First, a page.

5

How do I add a user and set their password at the same time?

I tried:

useradd user1 -p user@123  

Where user1 is their username and user@123 is their password.

  • 1
    Dont! Note: The -p option is not recommended because the password (or encrypted password) will be visible by users listing the processes. Review man useradd – Elder Geek Dec 11 '17 at 20:31
8

Instead of useradd, use the adduser command, which automatically runs passwd when you call it, unless you use the --disabled-login or --disabled-password flags.

Sample run:

$ sudo adduser pixie
Adding user `pixie' ...
Adding new group `pixie' (1001) ...
Adding new user `pixie' (1001) with group `pixie' ...
Creating home directory `/home/pixie' ...
Copying files from `/etc/skel' ...
Enter new UNIX password:                             # password does not show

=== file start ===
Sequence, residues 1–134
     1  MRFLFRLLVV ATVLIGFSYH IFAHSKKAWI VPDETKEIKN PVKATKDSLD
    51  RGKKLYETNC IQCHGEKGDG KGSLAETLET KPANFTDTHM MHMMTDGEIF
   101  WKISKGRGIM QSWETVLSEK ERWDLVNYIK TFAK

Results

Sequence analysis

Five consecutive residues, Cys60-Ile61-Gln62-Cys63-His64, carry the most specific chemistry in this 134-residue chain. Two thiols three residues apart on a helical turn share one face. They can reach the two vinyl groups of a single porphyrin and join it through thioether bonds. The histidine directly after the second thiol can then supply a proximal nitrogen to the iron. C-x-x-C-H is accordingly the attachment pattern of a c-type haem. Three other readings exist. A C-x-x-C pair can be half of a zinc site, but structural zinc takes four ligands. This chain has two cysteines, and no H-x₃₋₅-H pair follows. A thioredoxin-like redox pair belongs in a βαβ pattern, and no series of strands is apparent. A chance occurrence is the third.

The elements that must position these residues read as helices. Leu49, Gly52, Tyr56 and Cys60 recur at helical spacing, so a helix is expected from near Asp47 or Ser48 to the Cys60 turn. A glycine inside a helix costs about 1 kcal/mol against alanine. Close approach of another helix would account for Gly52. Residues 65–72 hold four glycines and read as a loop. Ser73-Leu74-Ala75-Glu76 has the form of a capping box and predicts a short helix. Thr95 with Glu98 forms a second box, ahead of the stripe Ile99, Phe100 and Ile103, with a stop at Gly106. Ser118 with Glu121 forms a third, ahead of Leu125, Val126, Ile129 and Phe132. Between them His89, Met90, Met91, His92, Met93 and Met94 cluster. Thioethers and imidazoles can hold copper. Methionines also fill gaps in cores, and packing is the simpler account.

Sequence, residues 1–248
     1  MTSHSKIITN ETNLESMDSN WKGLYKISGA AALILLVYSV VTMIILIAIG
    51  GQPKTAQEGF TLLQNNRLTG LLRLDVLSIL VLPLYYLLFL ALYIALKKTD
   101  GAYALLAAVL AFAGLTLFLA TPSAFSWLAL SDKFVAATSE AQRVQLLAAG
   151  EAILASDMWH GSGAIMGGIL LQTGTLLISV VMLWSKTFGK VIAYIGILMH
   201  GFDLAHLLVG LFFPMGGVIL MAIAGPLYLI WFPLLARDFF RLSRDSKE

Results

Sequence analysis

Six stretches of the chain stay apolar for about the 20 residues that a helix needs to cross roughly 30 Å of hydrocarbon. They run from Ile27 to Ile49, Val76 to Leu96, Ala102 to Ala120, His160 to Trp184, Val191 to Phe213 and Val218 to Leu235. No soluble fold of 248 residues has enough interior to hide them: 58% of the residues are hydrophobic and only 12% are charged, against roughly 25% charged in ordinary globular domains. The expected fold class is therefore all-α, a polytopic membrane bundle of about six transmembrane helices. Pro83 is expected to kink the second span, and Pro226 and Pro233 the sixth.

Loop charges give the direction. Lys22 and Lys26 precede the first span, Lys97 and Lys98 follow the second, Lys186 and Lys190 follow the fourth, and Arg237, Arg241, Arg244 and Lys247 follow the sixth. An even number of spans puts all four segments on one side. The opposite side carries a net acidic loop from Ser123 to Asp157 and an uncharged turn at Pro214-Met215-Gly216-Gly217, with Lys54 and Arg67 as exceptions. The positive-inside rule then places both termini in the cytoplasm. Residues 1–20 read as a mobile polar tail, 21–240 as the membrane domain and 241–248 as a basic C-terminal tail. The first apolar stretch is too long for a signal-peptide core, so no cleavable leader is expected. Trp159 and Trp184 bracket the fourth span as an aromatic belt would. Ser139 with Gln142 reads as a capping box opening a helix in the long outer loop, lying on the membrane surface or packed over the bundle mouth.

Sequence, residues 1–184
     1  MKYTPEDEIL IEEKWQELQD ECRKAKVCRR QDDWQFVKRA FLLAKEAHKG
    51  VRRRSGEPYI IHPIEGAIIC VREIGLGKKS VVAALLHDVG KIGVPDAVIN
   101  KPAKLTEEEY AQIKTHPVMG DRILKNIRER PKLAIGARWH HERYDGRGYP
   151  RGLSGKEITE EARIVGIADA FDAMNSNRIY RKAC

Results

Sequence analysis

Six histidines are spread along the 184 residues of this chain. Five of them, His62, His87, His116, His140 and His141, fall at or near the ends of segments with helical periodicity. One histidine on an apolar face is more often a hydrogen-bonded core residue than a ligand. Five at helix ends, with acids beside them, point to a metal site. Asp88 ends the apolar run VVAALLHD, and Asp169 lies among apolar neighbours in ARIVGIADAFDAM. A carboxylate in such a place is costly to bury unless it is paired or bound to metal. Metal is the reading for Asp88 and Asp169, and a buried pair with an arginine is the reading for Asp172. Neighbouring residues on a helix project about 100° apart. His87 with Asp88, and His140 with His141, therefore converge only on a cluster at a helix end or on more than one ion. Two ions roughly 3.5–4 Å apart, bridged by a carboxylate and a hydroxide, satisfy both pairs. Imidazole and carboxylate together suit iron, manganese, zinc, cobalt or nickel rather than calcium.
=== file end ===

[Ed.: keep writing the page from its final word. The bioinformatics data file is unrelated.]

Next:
Retype new UNIX password:                            
passwd: password updated successfully
Changing the user information for pixie
Enter the new value, or press ENTER for the default
    Full Name []: 
    Room Number []: 
    Work Phone []: 
    Home Phone []: 
    Other []: 
Is the information correct? [Y/n] y

See: What is the difference between adduser and useradd?

2

useradd --help shows that the login name has to be the last parameter. It says also that the password given with -p is the encrypted password of the new account which does not seem to be the case in your example.

It's easier to create the user with useradd user1 and set his password afterwards with sudo passwd user1.

Useful options of useradd are -c comment, -m to create his home directory and -s /bin/bash to define his shell.

Which would give sudo useradd -c'new user xy' -m -s /bin/bash user1.

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